A protest against P&O in Hull
P&O was able to fire 800 workers and employ agency staff at £5.50 an hour because a 2020 minimum wage law excluded workers on ferry routes like these © Getty Images

A few years ago, P&O ferries with names like Spirit of Britain and Pride of Kent were under the UK flag with mostly UK-based crew on an average salary of £36,000 a year. Now they are under the flags of Bermuda, Bahamas and Cyprus and are set to be crewed by agency staff paid an average of £5.50 an hour, well below the UK minimum wage. When presented with these facts in parliament last week, transport minister Grant Shapps seemed at first to somewhat miss the point. “I will be calling on P&O to change the name of the ships,” he assured MPs.

For the government’s critics, the real point was that P&O’s decision to sack almost 800 staff had given the lie to the narrative that Britain was “taking back control” after Brexit to create a “high wage economy” where workers were not undercut by low-paid migrants.

In truth, what happened with P&O doesn’t tell us much about the pros and cons of leaving the EU. But it does demonstrate that Brexit was no substitute for what is really required to improve the lot of Britain’s workers: the closure of legal loopholes and the adequate enforcement of employment laws already on the books.

P&O can employ agency staff on the Dover to Calais route at £5.50 an hour because a law in 2020 that extended the minimum wage to many seafarers in UK waters excluded workers on ferry routes like these. It might make sense for sailors who are simply passing through UK waters on a long voyage to be exempt, but there is no good reason why people to-ing and fro-ing between two rich countries like the UK and France should be expected to subsist on less than either one’s minimum wage.

The working conditions of many seafarers are largely invisible. There are global minimum standards in place but the floor is low: the worldwide minimum monthly wage for “able seafarers” is less than $700 while the maximum working hours are 14 hours in any 24-hour period and 72 hours in any seven-day period. You can be on board for up to 11 months without taking leave. The International Transport Workers’ Federation often deals with problems like unpaid wages and seafarers being abandoned on ships with no way home. “There have been times we’ve had to get helicopters to bring them food and water,” says Ruwan Subasinghe, the ITF’s legal director.

Shapps has now said he intends to close the minimum wage loophole for ferry workers. But P&O also demonstrated the weakness of employment rights on land. The company has admitted it was required to consult unions but chose not to do so. Instead, it offered settlements to workers in excess of the amount they would be awarded by an employment tribunal.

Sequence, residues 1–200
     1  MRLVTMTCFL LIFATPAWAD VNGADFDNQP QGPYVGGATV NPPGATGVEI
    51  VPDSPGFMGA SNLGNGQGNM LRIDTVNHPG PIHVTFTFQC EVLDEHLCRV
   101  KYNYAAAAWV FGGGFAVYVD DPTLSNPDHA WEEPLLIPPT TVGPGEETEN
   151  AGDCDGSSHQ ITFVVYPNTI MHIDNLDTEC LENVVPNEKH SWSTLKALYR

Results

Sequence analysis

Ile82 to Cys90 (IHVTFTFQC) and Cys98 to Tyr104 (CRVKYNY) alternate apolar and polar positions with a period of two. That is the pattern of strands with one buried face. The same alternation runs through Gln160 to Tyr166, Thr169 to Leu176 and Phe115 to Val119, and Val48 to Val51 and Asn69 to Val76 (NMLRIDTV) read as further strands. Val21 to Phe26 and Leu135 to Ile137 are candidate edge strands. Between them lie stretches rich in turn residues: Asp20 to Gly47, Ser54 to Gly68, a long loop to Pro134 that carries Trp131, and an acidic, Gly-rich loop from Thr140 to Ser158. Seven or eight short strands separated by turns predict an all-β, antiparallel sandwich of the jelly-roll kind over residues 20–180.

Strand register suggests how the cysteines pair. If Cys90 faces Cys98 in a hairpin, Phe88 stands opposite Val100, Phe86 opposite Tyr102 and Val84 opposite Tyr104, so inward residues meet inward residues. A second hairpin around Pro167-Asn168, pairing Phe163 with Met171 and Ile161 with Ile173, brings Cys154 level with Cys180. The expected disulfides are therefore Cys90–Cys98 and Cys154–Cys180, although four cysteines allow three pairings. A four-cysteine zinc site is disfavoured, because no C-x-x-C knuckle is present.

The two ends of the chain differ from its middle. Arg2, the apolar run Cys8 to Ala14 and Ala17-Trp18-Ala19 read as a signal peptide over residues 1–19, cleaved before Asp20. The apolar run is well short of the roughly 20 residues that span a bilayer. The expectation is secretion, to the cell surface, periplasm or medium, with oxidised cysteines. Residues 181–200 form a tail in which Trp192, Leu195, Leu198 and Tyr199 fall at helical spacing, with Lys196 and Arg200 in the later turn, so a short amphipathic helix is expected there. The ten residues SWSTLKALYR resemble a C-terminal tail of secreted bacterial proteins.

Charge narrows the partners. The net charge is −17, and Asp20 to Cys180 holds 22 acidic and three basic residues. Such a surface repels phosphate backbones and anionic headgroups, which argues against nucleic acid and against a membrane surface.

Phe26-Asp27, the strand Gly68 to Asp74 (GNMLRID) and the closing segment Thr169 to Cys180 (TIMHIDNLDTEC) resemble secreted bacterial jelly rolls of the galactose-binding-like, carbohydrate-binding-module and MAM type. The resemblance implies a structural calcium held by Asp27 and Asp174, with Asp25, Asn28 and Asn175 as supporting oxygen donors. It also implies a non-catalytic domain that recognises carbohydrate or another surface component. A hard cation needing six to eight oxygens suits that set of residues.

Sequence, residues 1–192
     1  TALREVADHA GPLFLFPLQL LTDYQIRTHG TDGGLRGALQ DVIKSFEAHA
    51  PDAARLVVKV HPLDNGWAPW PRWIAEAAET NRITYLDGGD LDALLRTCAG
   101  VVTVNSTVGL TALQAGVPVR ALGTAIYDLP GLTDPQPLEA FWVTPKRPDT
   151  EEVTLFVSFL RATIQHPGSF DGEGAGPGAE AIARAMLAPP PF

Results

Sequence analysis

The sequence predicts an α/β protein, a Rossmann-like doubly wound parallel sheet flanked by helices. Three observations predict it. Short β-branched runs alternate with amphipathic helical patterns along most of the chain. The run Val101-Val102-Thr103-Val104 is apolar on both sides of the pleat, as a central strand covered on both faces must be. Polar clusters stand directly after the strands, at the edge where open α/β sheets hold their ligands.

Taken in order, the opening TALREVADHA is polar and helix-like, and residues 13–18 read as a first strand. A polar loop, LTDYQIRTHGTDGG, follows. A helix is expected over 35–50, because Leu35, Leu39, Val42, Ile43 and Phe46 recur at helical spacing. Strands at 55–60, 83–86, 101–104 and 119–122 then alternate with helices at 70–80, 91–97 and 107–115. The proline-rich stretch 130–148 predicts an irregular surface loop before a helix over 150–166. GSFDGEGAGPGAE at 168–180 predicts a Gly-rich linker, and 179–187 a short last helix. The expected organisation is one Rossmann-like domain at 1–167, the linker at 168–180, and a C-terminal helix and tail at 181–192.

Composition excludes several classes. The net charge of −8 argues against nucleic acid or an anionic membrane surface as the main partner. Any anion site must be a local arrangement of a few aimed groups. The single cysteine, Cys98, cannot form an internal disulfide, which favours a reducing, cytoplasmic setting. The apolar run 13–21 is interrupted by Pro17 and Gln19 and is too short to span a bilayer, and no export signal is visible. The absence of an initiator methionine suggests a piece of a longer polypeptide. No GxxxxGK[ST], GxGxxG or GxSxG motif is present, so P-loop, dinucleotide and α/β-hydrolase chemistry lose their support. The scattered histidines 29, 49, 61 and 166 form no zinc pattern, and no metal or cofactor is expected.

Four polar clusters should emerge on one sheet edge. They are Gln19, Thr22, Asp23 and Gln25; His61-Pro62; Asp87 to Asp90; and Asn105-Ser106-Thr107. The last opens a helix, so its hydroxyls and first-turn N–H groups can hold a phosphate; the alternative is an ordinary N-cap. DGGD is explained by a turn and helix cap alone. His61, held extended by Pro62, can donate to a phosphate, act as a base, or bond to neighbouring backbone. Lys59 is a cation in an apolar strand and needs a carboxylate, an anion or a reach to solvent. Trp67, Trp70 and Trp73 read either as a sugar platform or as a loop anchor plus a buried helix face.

While the government expressed shock that a company would in effect buy its way out of the law, lawyers call this an “efficient breach” and it’s not as uncommon as ministers might like to think. “Employment rights are all for sale, there’s a price tag on every single one of them,” one lawyer told me. If ministers want to dissuade companies from making these sorts of calculations, they could uncap the amount of money workers could receive in tribunals, at least for the most serious examples.

Though not at issue in the P&O case, underpayment of minimum wage is another example where stronger penalties would help. A study of employment tribunal records by the Resolution Foundation think-tank in 2020 found that since 2017, only one of the 141 firms found to have underpaid the minimum wage was subject to a financial penalty in addition to repaying the arrears owed.

HM Revenue & Customs does typically levy fines on employers who underpay workers, but in 2017-18 the average violation only incurred a penalty worth 90 per cent of the arrears owed. This is not a strong disincentive given the low chances of getting caught in the first place. There have been fewer than 20 criminal prosecutions for underpaying the minimum wage since 2007.

A “softly softly” approach to the enforcement of employment rights might seem to be pro-business. In fact it is often the opposite. This hit home for me a few years ago when I stood with the owner of a clothes factory in Leicester who was following all the laws, trying desperately to compete with sweatshops paying £4 an hour with seeming impunity. Most employers want to do the right thing by their staff. They struggle if they are undercut by the minority who don’t.

The government is now scrambling to make sure ferry services don’t end up in a race to the bottom. Workers need a level playing field without loopholes and grey areas. Businesses do too.


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